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Bren School Alumni Donate Unique Class Gift: Greenhouse Gas Emissions for Retirement

 

Santa Barbara, CA -- Through a precedent-setting transaction with the Rocky Mountain Institute, alumni of the Bren School of Environmental Science & Management at UC Santa Barbara have purchased 500 metric tons' worth of vintage 2004 carbon dioxide equivalent allowances for retirement on the Chicago Climate Exchange (CCX).   The purchase was a gift of the graduating Class of 2004.

 

Bren Assistant Professor Christopher Costello, who originally proposed the idea, estimates that a typical passenger car emits about 9 metric tons of carbon dioxide (CO2) per 1,000 gallons of gas (not including other pollutants).  Retiring 500 metric tons is thus equivalent to retiring the CO2 emissions from 50,000 gallons of gasoline.   If a typical car uses 600 gallons of gas in a year, this amounts to abating the yearly CO2 emissions from over 80 cars.

 

CCX is an innovative self-regulatory exchange that administers the world's first multi-national and multi-sector marketplace for reducing and trading greenhouse gas (GHG) emissions, including CO2, methane (CH4), nitrous oxide (N20), hydrofluorocarbons (HFCs), perfluorocarbons (PFCs) and sulfur hexafluoride (SF6).  CCX is the first voluntary organization of its kind, and began trading GHG emissions on December 12, 2003.

 

The development of the exchange began with a May 2000 feasibility study grant from the Chicago-based Joyce Foundation; the grant was administered by Northwestern University's Kellogg Graduate School of Management.   The study was prompted by the environmental and economic success of the U.S. sulfur dioxide allowance trading program to reduce acid rain, as well as other similar markets.

Emissions trading establishes limits on emissions, specifies firm-level limits, and thus provides incentives to those companies that can cut emissions at low cost to make extra reductions.   A CCX member company facing high emission reduction costs can comply with its emission reduction schedule by purchasing tradable emission rights from another CCX member that reduces emissions beyond the program's annual requirement, or from an offset provider.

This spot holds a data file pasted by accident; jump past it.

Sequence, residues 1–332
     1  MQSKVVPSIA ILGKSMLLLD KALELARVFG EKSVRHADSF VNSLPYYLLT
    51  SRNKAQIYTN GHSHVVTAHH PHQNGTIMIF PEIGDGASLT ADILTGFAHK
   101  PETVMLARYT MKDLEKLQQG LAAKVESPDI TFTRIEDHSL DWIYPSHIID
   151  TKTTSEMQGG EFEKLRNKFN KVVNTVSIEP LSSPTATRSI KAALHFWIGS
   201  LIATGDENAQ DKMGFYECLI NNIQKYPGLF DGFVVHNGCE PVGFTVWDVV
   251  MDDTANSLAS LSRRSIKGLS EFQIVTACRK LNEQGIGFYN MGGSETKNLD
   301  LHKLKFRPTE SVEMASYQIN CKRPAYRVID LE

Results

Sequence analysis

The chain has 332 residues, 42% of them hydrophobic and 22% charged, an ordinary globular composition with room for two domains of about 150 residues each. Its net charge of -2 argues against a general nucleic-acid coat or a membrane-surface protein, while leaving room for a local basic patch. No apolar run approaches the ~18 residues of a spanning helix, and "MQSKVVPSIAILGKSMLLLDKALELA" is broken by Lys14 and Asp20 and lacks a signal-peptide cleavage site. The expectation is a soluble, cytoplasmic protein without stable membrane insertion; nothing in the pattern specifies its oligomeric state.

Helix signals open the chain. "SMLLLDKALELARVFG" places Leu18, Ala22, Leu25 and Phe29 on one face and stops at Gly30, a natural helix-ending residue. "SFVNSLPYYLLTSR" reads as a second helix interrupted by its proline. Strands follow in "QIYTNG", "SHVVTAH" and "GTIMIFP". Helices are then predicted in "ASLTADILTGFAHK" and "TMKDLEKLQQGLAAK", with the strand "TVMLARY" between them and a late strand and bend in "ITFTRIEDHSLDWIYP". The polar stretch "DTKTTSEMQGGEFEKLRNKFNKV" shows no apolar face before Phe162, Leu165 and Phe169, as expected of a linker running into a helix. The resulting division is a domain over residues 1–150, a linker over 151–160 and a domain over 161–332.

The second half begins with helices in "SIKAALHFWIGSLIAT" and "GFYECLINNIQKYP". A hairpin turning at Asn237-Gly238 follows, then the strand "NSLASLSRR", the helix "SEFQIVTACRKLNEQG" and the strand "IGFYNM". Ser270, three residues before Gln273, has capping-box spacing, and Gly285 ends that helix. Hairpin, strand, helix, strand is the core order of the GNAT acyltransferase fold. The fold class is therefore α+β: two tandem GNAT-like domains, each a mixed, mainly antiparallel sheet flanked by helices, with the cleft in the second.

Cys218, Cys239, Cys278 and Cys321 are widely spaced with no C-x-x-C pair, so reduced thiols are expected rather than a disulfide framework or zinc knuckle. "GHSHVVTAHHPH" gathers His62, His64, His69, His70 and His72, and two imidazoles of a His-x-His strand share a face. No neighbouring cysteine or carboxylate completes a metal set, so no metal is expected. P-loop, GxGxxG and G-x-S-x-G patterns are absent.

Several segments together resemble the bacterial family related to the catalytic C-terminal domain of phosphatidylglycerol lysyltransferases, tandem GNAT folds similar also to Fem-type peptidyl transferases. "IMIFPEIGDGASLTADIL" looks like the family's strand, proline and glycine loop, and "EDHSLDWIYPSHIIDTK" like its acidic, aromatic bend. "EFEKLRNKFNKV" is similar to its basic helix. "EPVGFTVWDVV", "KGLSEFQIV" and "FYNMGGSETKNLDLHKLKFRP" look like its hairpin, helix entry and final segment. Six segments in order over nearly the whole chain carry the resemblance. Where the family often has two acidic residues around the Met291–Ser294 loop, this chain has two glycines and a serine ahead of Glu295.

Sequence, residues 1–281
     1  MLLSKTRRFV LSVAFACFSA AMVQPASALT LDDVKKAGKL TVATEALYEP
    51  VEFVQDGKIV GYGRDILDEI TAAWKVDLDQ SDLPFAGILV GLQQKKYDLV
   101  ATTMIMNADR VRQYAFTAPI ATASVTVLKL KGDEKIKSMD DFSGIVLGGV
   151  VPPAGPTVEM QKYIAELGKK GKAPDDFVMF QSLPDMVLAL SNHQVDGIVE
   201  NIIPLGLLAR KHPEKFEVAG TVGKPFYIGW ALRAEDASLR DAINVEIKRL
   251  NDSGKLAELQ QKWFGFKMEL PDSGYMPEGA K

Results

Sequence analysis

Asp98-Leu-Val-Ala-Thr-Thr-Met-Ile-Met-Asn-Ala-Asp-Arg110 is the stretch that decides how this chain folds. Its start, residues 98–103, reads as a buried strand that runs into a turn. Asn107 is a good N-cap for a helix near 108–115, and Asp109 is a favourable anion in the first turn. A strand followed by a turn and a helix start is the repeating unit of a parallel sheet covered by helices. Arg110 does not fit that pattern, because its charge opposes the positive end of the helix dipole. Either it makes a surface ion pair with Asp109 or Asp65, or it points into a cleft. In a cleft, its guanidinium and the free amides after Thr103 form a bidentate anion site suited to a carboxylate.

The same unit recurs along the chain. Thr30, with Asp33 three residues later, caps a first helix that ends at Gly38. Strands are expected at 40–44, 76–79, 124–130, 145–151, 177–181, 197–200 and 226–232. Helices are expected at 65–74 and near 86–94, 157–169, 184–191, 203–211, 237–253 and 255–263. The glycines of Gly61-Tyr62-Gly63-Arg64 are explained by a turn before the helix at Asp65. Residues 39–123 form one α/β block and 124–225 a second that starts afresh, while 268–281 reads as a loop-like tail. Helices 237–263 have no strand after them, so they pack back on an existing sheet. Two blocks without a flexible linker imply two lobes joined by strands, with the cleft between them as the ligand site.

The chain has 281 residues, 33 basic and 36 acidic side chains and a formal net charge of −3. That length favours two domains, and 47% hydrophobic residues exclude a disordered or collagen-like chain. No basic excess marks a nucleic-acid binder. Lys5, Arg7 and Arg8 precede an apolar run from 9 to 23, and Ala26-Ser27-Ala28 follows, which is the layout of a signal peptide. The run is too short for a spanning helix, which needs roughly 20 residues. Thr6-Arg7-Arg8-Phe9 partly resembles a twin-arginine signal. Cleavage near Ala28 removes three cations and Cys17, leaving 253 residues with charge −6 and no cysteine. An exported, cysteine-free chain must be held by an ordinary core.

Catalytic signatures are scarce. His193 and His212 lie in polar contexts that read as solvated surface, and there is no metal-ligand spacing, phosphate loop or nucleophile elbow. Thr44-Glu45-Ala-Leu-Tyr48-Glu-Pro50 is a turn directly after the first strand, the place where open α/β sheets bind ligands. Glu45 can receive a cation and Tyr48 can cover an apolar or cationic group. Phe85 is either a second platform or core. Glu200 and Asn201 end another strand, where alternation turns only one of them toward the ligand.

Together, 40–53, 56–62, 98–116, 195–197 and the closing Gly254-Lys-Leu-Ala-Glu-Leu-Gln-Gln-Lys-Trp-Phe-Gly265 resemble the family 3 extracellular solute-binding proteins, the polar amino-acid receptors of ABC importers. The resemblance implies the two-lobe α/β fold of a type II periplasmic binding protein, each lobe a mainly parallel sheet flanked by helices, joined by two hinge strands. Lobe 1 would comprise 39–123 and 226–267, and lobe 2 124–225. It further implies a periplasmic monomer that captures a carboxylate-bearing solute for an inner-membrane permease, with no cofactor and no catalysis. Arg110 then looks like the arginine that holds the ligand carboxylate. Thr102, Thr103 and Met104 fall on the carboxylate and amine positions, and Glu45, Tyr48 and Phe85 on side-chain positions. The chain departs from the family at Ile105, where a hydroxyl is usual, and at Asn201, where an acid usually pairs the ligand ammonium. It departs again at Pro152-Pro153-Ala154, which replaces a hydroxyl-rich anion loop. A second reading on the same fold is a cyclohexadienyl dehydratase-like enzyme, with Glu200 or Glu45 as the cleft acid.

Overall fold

This is the first time that a school has purchased GHG reductions on CCX on behalf of a graduating class.   “The Class of 2004 is dedicated to positively impacting the world and our environment.   This purchase reflects that dedication.   We hope it paves the way for other organizations to take action,” said Jana Hartline, Alumni Class Chair of 2004.

 

“This gift is another example of the Bren School's national leadership, this time through the creativity of our latest master's class.   We are pleased to have been able to work with another leading environmental organization, Rocky Mountain Institute in facilitating this transaction,” stated Dennis Aigner, Dean of the Bren School.

 

Rocky Mountain Institute, established in 1982 by resource analysts Amory B. Lovins and L. Hunter Lovins, is a national leader in energy and resource issues, guided by leading-edge principles of market-oriented solutions, corporate transformation, and “natural capitalism.”

 

Richard L. Sandor, Chairman and CEO of CCX, said, “Since the exchange opened last year, CCX members have traded more than 1.6 million metric tons of carbon dioxide equivalent.   We are delighted to see this group of environmental professionals contributing to the reduction of greenhouse gas emissions.”

 

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